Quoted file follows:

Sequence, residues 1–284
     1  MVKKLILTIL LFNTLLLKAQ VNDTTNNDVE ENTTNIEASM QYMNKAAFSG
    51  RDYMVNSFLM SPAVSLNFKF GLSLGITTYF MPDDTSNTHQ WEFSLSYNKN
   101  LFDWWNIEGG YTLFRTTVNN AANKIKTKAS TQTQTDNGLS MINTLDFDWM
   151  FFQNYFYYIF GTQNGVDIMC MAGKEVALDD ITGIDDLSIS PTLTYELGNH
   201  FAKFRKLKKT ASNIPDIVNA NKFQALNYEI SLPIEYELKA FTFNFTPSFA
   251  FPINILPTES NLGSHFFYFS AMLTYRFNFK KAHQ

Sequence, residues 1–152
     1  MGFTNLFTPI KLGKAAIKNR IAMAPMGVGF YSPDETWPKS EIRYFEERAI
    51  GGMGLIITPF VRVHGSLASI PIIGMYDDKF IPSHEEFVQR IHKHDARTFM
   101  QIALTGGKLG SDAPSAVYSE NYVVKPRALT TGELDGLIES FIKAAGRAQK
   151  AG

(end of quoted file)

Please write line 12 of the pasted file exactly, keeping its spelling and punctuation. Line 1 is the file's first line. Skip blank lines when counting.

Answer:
   151  AG